"A child's learning is the funtion more of the characteristics of his classmates than those of the teacher." James Coleman, 1972

Wednesday, June 04, 2008

Schools: Studies in Education

Here is one of those rare journals with a heart that is neither dumbed down nor studiously arcane, which makes it a good read whether you are a classroom teacher, a teacher of classroom teachers, an administrator or researcher. Check out the last year's Fall issue free.
University of Chicago Press and Francis W. Parker School, Chicago Announce Partnership to Publish Schools: Studies in Education

First issue under partnership to publish in fall 2008

The Journals Division of the University of Chicago Press and the Francis W. Parker School, Chicago are pleased to announce their new partnership to publish Schools: Studies in Education, which has been self-published biannually by Parker since 2004. A special double issue, scheduled to publish in fall 2008, will inaugurate the new partnership.

Consulting editor and Parker English teacher Mary Dilg proclaimed the new partnership a “tribute to the Board of Trustees of the Francis W. Parker School and to the University of Chicago Press for their vision and support in helping birth a national publication serving the needs of those who serve the children of our nation.” Founding executive editor and Principal of the Parker School Daniel Frank praised the new partnership, saying that it “will allow Schools to flourish,” adding that “Schools remains committed to publishing excellent descriptive narratives and thoughtful analytic commentary about how students, teachers, administrators, parents and others feel about their experiences in the classroom, and with the culture, curriculum and people of the school.” In the five years since Schools’ founding, editor Andy Kaplan has seen it “develop a public forum for those most intimately involved in the daily life of schools” and has found in their “stories and reflections the healthiest antidote to a national discussion of educational standards that has for so many years reduced, demeaned, and undermined the real work of the school.” Director of the University of Chicago Press Garrett Kiely welcomed the valuable addition, saying “our education list has been central part of the Press’s mission since its inception, and with the addition of Schools: Studies in Education, we gain the most original voice in education today.” In the Journals Division, Schools will join American Journal of Education, The Elementary School Journal, and Comparative Education Review on the education list.

The complete fall 2007 issue is available for free viewing and download at: www.journals.uchicago.edu/schools. Subscriptions to Volume 5 (2008) are now available and include access to the complete online archive of the journal’s first 4 volumes, containing over 100 articles and essays by public and private K-12 educators, university professors, and others who work with school-aged students, including the writing of such nationally-known educators as Vivian Paley, Roland Barth, Pat Carini, Jay Featherstone, and Tom Cottle. Paley and Cottle also serve on Schools consulting editor board, which includes many of the leading voices in American education.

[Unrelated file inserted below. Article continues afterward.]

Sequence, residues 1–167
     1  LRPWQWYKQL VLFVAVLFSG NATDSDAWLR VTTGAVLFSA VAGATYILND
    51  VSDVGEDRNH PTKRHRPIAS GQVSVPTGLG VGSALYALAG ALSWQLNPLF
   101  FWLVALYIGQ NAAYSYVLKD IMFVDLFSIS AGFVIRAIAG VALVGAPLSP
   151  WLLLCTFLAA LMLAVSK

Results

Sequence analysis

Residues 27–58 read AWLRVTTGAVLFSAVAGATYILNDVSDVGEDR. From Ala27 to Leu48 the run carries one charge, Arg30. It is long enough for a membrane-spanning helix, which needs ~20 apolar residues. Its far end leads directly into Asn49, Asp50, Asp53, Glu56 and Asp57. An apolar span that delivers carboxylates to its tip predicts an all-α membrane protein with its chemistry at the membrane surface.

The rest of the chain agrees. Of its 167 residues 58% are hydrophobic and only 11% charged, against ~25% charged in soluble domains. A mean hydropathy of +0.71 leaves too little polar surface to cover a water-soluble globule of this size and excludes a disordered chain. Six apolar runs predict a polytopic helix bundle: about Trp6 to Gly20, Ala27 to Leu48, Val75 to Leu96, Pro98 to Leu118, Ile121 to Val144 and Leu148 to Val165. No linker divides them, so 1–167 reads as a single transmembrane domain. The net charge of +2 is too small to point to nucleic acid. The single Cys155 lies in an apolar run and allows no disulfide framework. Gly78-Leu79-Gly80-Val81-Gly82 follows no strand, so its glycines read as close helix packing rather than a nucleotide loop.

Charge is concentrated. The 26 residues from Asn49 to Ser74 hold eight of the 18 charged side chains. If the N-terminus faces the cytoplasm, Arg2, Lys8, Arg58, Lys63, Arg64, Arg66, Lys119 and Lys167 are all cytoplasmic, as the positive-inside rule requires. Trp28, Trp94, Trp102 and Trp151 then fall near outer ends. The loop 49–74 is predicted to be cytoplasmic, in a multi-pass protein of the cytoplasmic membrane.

Schools: Studies in Education is a refereed international education journal for pre K-12 educators, administrators, university professors, and others who work with school-aged students.

Published biannually, Schools fills a long standing void in the world of educational publications, providing a forum to promote the scholarship and career growth of school educators by providing school teachers and others a rare space to explore, through stories and their related commentaries, the more dynamic and complex experiences of school life in ways that convey how human relationships, thoughts, and emotions shape the meaning of educational experience in schools.

Schools distinguishes itself as an educational journal committed to furthering the valuable dialogue between education and psychoanalysis that finds few outlets today in public forums regarding the theory and practice of educational professional development.

Each issue of Schools includes richly described interpretive accounts of how teachers, students, and others experience their social and psychological relationships to each other, to the curriculum, to the ways teachers and students learn, to the systemic and organizational dynamics of school culture—including the complex interactions among groups and between groups and their leaders—and to the structures that comprise the wider domains of society and the world.

Contributors write in a variety of genres: scholarly articles based on theory and research, interpretive reflective essays, brief informal meditations and stories, and educationally relevant reviews of books, films, art exhibitions and musical performances. In addition, each issue features a reprint of an intriguing passage from a long-ago, previously written or published insight or reflection on education in schools.

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